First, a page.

I study how we understand language—a phenomenon that is universal across human cultures, yet unique to our species, and allows us to transmit thoughts from one mind to another. What are the component processes of comprehension? What kind of mental structures allow us to “know the meaning” of an utterance? Which distinctions in meaning do these structures make more/less salient? And what mental operations are used to manipulate them?

To understand how comprehension evolves in our minds, I study how it engages our brains: which aspects of comprehension get their own dedicated neural real estate? Which are inseparable, supported by a joint mechanism? And which rely on circuits that serve many domains beyond language? Using neuroimaging (mostly functional MRI), tools from network neuroscience, and a combination of hypothesis- and data-driven approaches, I characterize the functional regions engaged when adult native speakers understand language: their internal organization and relationship to one another (dissociable vs. tightly linked); the division of “mental labor” and the integration of information across them; and the ways they change following brain injuries.

I also use computational methods to evaluate meaning representations that are generated by algorithms trained on natural texts. I examine what knowledge—about words, their combinations, and the underlying concepts—is captured by these representations, and compare it against behavioral benchmarks. I test which features of the linguistic input are minimally required for machines to extract this knowledge.

Biography:

Idan A. Blank will join UCLA as an Assistant Professor of Psychology in July 2019. He received his PhD (2016) in Cognitive Science from MIT, working with Nancy Kanwisher and Ev Fedorenko, and continued working with Ev as a postdoctoral associate at the McGovern Institute for Brain Research. Prior to that, he studied mathematics, psychology, and theatre arts in the Lautman Interdisciplinary Program at Tel-Aviv University, where he received his MA (2011) working with Galit Yovel.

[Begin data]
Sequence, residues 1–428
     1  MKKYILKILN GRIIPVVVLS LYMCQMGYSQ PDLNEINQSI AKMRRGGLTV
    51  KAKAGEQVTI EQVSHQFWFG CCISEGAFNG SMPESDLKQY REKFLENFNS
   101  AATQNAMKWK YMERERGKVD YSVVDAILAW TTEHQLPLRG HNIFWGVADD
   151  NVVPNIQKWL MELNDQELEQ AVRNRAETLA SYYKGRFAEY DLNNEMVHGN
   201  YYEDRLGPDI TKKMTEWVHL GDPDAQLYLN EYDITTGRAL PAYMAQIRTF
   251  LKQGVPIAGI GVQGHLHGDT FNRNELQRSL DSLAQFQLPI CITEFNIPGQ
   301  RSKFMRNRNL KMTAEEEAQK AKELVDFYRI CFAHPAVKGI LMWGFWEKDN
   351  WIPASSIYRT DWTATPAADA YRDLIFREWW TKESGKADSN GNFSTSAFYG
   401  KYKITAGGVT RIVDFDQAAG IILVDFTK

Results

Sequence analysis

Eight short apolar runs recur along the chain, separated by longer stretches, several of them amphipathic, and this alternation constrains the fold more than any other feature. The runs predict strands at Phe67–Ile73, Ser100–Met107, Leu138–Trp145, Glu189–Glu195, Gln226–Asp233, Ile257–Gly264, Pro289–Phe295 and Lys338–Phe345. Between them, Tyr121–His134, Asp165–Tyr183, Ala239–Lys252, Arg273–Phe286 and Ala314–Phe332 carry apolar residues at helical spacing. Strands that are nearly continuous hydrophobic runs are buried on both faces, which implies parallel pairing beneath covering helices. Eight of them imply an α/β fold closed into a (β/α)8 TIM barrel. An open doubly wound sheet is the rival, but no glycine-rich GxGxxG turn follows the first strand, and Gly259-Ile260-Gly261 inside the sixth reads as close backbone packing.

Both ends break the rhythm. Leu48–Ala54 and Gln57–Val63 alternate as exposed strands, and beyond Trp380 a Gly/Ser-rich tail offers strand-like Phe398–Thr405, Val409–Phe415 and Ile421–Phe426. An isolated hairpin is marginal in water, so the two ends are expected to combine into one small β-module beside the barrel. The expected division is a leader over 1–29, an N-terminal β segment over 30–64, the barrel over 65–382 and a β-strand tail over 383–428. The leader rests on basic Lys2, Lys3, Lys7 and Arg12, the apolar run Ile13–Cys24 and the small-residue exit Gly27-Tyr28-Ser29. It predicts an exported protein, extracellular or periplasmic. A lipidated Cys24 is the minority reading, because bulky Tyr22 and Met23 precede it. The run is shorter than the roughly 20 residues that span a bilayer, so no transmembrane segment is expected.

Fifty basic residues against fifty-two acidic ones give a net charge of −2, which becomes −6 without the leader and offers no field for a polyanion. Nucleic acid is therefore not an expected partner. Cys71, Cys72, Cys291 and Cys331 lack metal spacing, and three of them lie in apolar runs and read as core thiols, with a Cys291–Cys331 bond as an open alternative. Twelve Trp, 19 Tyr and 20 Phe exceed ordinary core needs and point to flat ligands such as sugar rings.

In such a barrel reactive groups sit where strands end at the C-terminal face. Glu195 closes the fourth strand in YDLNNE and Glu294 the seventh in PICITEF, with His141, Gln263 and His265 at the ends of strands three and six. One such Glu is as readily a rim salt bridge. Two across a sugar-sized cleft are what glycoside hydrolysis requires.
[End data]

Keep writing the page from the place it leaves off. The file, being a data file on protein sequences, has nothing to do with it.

Idan Blank’s Curriculum Vitae

Representative Publications:

Mineroff, Z.*, Blank, I.A.*, Mahowald, K., & Fedorenko, E. (2018) A robust dissociation among the language, multiple demand, and default mode networks: evidence from inter-region correlations in effect size. Neuropsychologia, 119, 501-511. DOI: 10.1016/j.neuropsychologia.2018.09.011

Blank, I.A., Kiran, S., & Fedorenko, E. (2017). Can neuroimaging help aphasia researchers? Addressing generalizability, variability, and interpretability. Cognitive Neuropsychology, 34(6), 377-393. DOI: 10.1080/02643294.2017.1402756

Blank, I.A. & Fedorenko, E. (2017) Domain-general brain regions do not track linguistic input as closely as language-selective regions. Journal of Neuroscience, 37(41), 9999–10011. DOI: 10.1523/JNEUROSCI.3642-16.2017

Blank, I., Balewski, Z., Mahowald, K. & Fedorenko, E. (2016). Syntactic processing is distributed across the language system. Neuroimage, 127, 307-323. DOI: 10.1016/j.neuroimage.2015.11.069

Blank, I., Kanwisher, N. & Fedorenko, E. (2014). A functional dissociation between language and multiple demand regions revealed in patterns of BOLD fluctuations. Journal of Neurophysiology, 112(5): 1105-1118. DOI: 10.1152/jn.00884.2013

Grand, G.*, Blank, I.A.*, Pereira, F., & Fedorenko, E. (submitted) Semantic projection: recovering human knowledge of multiple, distinct object features from word-embeddings. arXiv:1802.01241